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New Milestone in Molecular Agriculture:
Publication of the whole genome sequence of the pea aphid – an international achievement where NTU developmental geneticists were involved

Figure 1.
Figure 1. Photo provided by Department of Entomology Professor Chun-Che Chang's Laboratory appeared on the cover of the recent issue of PLoS Biology。Photo by: Shih-Wei Wu, Insect provided by: Gee-Way Lin
Figure 2.
Figure 2. NTU Developmental Genetics Research team members: (from left to right) Ting-Yu Huang, Professor Chun-Che Chang, Hsiao-Ling Lu, Gee-Way Lin

An analysis of the whole genome sequence of the pea aphid was published as a feature article in the latest issue of PLoS Biology, a prestigious journal in the field of life sciences. The Laboratory of Dr. Chun-che Chang, a research unit in the Department of Entomology at the Bio-Agricultural College of National Taiwan University (NTU), participated in this important publication and the feature image on the journal's cover page was just provided by the Chang Lab. Chang, a developmental geneticist and an associate professor affiliated with NTU, and his Ph.D. student Hsiao-ling Lu have been members of the International Aphid Genomics Consortium (IAGC) since August 2008, and since then they have been actively involved in the genome analysis.

Sequencing of the aphid genome was performed by the Human Genome Sequence Center at the Baylor College of Medicine. In the past few years, project leaders from the U.S., France, Japan, and scientists from more than ten nations worked together to decode the pea aphid genome. Chang, who was designated a leader of the germline annotation group in the genome paper, and Lu analyzed potential genes involved in germline determination as well as those in early development. "The annotation can serve as an important molecular reference for further studies", Chang said.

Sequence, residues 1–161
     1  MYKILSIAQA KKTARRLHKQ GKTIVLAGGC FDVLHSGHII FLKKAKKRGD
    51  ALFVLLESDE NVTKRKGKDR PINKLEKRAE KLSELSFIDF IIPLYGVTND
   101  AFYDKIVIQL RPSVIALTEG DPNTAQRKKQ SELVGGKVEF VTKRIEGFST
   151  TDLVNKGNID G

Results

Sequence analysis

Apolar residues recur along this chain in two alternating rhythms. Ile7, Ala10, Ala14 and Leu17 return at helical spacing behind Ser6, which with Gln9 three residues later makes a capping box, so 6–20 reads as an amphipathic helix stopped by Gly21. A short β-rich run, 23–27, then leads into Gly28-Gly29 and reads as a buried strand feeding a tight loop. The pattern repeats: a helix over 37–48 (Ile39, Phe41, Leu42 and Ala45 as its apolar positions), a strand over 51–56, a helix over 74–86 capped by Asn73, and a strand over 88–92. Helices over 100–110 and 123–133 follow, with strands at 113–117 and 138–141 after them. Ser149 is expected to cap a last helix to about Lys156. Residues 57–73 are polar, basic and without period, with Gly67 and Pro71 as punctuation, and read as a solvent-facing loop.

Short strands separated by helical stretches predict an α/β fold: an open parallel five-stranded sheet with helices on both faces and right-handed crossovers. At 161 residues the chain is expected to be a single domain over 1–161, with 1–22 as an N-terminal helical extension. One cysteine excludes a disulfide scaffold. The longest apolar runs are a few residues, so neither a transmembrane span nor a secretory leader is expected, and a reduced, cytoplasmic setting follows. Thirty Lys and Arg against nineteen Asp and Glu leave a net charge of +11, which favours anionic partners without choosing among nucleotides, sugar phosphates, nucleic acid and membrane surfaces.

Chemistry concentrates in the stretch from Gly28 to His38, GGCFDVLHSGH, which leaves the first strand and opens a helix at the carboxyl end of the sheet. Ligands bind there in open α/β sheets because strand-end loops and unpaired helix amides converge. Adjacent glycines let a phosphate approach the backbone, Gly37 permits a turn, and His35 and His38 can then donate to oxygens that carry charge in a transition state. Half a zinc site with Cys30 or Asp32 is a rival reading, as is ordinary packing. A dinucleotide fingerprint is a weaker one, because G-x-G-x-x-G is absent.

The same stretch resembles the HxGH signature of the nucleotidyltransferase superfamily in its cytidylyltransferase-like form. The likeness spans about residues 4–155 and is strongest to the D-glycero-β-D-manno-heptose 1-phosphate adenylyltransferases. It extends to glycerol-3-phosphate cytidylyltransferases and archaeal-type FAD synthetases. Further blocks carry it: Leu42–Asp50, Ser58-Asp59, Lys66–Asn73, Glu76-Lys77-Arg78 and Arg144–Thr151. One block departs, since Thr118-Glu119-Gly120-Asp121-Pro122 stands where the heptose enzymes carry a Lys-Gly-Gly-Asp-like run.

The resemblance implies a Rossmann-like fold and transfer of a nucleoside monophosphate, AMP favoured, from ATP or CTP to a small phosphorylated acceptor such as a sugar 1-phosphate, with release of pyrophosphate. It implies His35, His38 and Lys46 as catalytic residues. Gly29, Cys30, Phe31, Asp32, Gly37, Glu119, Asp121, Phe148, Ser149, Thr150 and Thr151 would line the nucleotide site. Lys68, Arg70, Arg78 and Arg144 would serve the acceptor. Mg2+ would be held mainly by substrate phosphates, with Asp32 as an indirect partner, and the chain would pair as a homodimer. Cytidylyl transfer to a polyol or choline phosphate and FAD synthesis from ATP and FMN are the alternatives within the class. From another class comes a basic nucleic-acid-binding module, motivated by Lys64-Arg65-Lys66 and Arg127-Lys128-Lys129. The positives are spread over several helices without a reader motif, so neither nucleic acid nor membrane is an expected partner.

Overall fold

Although the genome paper in PLoS Biology, namely the main paper, was 24 pages long, it could not include all of the analytical data. Members of the IAGC thus submitted other manuscripts to Insect Molecular Biology (IMB), a leading journal in the field of Entomology. After a peer-review process, the accepted manuscripts were published in a special issue of IMB that focused on the aphid genome in parallel with the publication of the main paper in PLoS Biology. In this special issue, Chang and his Ph.D. student Ting-Yu Huang, together with collaborators from Japan and the U.S., delivered an important paper regarding the anterior development in embryos of the pea aphid. They found that the "hunchback" gene, whose name reminds us of Victor Hugo's novel The Hunchback of Notre Dame, played different roles from those played by the same gene in other insects. In the same issue Chang, Lu and Gee-way Lin (Ph.D. student of Chang) are coauthors of another paper describing comprehensive studies of developmental genes—a project led by Dr. Shuji Shigenobu of the National Institute of Basic Biology in Japan. In addition to papers in scientific journals, news about the analysis and sequencing of the aphid genome was also soon reported in the media of U.K., U.S., Japan, Spain, New Zealand, and other countries.